The ‘Tells’ of Body Language – Part 2: Being the Sender

Theodoros Millidonis L1, Cyprus

Theodoros Millidonis L1, Cyprus

Hello and welcome to the second article dedicated to body language tells. So far, we have learned about the importance of body language for the purposes of being great seminar facilitators.

Using Body Language during a Seminar (being the sender)

Proper use of body language can be an excellent way of enhancing a seminar. Studies show that if you use more sensory involvement you will gain more interest and retention on the audience’s part. What we know is that hearing is not a human’s best form of receiving information, whereas seeing is.

Of the information that is remembered:

  • 85% is through seeing
  • 11% is through hearing
  • 4% is through the other senses

Researchers have found that:

  • Only 10% of presentations on average is remembered
  • If visual aids are used, this percentage increases to 50%
  • If both visual aids and participation are used, spectators remember up to 70%

It is worth mentioning that by visual aids we do not necessarily mean PowerPoint slides only. There have been many fantastic presentations that do not use PowerPoint at all, in fact there are even presenters who don’t use it. By all means you should use PowerPoint, Prezi or whatever other form of presentation tool you wish, but it is important to remember that there are many additional methods for creating impact in a seminar. Your presentation style is one of those, and proper use of body language goes a long way in determining the effectiveness of your own style.

Presentation Style

Once you have your presentation prepared you need to start thinking about your presentation style which will be guided by the body language tells you will be conveying. Some key things to remember are the following:

  • Posture – Hands, arms, legs. Stand with your feet slightly apart and your weight evenly balanced. This is the anchoring position, which will help your voice projection and stop you from losing balance. You need to make sure that your hands and arms feel comfortable.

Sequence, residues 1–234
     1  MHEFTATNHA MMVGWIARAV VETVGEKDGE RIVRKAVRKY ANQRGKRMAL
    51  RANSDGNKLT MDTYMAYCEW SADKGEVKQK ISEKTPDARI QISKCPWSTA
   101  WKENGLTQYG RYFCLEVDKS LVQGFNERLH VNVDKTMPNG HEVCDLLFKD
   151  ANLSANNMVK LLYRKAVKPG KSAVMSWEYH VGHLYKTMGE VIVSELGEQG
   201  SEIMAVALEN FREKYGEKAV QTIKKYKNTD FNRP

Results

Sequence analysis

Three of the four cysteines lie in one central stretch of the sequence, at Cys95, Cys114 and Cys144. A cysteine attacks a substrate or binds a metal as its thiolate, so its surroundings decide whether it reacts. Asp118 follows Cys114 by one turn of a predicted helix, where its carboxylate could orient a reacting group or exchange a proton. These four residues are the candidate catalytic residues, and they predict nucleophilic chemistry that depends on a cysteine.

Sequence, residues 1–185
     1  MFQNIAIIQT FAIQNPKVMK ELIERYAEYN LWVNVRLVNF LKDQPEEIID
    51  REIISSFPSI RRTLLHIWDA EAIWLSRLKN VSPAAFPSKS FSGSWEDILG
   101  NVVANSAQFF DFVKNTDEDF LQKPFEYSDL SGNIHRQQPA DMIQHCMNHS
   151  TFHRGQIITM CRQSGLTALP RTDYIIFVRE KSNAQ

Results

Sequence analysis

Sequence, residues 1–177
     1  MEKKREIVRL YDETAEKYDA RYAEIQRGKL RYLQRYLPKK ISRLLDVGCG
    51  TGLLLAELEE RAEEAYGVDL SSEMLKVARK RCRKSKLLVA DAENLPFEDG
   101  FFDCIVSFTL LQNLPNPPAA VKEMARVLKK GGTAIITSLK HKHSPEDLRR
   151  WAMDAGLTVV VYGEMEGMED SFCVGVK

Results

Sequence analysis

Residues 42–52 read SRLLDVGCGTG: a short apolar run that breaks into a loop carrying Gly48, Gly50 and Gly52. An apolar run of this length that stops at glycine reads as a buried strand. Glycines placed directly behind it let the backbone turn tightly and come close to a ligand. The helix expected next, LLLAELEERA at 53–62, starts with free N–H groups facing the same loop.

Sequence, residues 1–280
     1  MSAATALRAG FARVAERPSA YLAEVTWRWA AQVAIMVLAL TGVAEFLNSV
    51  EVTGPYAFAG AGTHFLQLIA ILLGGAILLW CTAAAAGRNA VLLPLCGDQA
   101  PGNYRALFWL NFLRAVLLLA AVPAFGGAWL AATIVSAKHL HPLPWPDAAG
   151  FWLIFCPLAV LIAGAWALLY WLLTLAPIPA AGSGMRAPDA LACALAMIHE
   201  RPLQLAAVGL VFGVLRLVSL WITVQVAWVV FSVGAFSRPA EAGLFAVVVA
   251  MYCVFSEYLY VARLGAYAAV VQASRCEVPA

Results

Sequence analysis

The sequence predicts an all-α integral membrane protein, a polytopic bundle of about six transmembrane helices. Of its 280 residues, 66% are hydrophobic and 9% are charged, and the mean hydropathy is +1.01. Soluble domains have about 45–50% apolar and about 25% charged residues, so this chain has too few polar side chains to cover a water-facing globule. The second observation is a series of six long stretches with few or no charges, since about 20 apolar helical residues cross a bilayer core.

It’s not a good idea to clasp…


…or clench your hands, or put them in your pockets.


Resist the temptation to put your arms behind your back;


Keep them above waist level, and use them naturally to emphasize the points you are making.



  • Controlling mannerisms – verbal and physical. Try to avoid nervous mannerisms such as fiddling with objects…


… twiddling hair/beard or saying lots of ‘ums’ or ‘ers’.


  • Eye contact – Make eye contact with everyone in the room. A tip is to look round the room and dwell on each person’s eyes for 3 to 6 seconds.
  • Voice – speed, pace, tone, pitch, modulation. Project your voice. Speak slightly louder than you would on a one-to-one basis. Remember to vary the voice. Pausing occasionally helps the message to sink in. Pace yourself. Start slowly at the beginning of the presentation. This will help gain the audience’s attention.
  • Energy and enthusiasm – if you are not enthusiastic about your subject and do not put energy into your presentation, you are not likely to hold the audience’s attention.


  • Controlling nerves – it is normal for people to feel nervous when presenting. You can control nerves through carefully planning and practicing your presentation. It helps in particular to know the beginning of the presentation.

You can find more information regarding presentation style in Daniel Sole García’s article on Connecting with the Audience.

We have learned how to be effective senders of body language tells in order to become better seminar facilitators. In Part 3 of the series, I will be examining the other side of the coin; that is, how to also be a good receiver, therefore being able to interpret the tells of your audience which is just as important to establishing a good connection with them.

Good luck with your seminars!

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